On the 12th Januray a new vent opened at the Turrialba Volcano in Costa Rica.
Turrialba Volcano, taken by Eliecer Duarte (OVSICORI-UNA) (GVP)
Turrialba Volcano, stands at over 3300m high and is characterised by Basaltic to Dacitic type lavas.
The initial fumarolic vent formation was caused by overpressured rock which then collapsed to allow gases and what people refer to as non-juvenile or material not from fresh magma to escape. A fumarole is a vent which emits steam, gas or potentially other volcanic material at high temperatures, generally ranging from 100 to 1000 degrees celsius. The openeing of this vent was caused by the breakdown of the rock material, typically, but not exclusively, volcanoes in humid regions such as Costa Rica are more susceptible to collapse. This is caused by acidic water eroding and weakening rock, which, when the correct pressure is applied is liable to collapse. This process can be sped up by a constant degassing volcano such as Turrialba currently.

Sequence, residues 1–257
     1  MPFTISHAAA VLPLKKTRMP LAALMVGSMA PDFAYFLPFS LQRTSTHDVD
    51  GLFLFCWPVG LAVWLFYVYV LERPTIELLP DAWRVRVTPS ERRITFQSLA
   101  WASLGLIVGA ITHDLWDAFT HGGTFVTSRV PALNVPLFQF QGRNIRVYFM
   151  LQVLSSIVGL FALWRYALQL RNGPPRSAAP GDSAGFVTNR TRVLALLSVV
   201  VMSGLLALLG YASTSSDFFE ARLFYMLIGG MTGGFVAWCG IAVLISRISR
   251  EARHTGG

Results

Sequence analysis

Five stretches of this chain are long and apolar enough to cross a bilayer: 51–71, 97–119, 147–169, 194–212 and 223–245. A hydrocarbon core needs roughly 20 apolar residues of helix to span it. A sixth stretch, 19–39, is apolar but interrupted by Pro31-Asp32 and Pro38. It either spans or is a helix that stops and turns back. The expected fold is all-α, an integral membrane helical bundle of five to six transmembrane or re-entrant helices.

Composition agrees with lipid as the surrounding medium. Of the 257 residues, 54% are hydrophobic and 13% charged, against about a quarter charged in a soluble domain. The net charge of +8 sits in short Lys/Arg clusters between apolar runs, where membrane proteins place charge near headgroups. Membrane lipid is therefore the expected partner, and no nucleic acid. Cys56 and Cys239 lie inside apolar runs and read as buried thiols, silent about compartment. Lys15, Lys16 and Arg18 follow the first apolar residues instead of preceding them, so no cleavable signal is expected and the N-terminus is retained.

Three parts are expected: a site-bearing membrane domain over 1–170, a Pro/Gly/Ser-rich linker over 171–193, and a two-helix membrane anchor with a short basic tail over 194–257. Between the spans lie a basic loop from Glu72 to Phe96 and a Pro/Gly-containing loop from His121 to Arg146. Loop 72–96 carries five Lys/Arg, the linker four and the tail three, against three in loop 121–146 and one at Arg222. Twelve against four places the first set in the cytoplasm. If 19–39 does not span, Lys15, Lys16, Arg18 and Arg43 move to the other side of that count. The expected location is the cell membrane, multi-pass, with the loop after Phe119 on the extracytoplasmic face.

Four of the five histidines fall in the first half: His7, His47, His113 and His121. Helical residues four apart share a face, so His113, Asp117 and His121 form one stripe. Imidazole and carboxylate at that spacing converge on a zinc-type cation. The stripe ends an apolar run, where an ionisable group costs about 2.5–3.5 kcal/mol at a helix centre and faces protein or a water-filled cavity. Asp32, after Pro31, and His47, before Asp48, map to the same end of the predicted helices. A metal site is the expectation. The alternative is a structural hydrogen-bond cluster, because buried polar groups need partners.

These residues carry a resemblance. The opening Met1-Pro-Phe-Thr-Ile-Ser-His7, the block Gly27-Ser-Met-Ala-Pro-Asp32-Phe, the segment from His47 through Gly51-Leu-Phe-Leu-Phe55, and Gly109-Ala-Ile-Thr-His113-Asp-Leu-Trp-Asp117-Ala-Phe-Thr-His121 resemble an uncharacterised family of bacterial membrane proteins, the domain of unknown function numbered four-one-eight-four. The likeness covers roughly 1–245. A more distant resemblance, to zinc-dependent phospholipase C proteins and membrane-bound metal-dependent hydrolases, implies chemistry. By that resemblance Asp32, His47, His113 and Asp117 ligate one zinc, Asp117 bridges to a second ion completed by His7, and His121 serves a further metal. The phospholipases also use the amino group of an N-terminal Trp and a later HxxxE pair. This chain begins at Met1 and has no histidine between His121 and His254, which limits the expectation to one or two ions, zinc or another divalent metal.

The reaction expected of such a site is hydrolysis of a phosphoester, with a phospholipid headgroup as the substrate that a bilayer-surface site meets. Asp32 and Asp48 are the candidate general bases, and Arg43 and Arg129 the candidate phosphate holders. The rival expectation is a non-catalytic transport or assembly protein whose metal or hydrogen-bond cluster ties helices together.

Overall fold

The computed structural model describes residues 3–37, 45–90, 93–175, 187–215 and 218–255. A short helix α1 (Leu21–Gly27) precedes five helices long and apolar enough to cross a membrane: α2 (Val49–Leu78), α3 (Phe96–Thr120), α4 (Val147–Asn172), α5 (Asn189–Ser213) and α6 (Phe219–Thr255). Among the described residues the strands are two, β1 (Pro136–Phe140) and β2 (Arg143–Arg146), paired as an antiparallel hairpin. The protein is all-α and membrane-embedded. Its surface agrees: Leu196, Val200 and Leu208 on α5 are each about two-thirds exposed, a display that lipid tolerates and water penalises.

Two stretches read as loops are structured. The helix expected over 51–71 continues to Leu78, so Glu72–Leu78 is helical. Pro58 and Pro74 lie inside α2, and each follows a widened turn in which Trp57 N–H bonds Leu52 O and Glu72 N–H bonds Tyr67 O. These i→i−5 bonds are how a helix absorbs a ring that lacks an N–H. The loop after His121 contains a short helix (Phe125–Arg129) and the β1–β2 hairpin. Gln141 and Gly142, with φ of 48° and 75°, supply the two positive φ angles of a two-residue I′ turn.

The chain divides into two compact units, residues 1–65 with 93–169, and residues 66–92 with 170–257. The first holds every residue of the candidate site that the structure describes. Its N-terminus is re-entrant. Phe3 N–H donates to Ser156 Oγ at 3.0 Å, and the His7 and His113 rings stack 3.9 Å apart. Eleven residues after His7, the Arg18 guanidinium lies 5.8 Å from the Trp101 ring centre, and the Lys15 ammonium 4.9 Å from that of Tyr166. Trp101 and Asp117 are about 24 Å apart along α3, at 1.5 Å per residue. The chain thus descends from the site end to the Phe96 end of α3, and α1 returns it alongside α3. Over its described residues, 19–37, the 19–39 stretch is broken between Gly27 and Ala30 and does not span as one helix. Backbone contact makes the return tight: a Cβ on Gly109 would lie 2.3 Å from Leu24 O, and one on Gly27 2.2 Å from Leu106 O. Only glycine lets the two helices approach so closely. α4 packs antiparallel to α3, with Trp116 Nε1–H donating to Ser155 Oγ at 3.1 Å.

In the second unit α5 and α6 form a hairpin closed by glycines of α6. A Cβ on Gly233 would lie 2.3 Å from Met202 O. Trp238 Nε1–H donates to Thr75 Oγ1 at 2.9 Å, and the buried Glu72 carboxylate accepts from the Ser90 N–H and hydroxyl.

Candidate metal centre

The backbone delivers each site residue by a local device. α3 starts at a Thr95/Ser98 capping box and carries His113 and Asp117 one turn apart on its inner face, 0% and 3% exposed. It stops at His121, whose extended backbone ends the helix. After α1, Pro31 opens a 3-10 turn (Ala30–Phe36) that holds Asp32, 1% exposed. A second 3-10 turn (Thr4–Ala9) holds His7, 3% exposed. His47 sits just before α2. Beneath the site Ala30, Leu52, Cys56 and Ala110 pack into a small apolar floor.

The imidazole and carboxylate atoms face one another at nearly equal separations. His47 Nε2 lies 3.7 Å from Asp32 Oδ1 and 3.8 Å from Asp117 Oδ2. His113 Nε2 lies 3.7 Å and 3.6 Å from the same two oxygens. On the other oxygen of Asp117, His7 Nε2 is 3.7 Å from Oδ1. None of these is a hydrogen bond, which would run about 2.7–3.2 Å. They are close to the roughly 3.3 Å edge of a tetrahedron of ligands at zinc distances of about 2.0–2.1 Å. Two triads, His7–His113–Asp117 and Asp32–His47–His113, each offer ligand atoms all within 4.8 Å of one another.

I highly recommend watching this video of the area after the 12th January incident, there is also a very good summary of the event by the Costa Rican Volcanology and Seimsmology Observatory available here. The video below shows activity recorded on the 18th January as an ash and steam emission began on the volcano.
With another Costa Rican volcano, Irazú, a new eruption was preceeded by the opening of several new fumarolic vents, however OVSICORI-UNA have stated they do not currently believe a new eruption is expected soon, however they do state that Turrialba is an active volcano and the situation could change quickly due to its constant degassing state.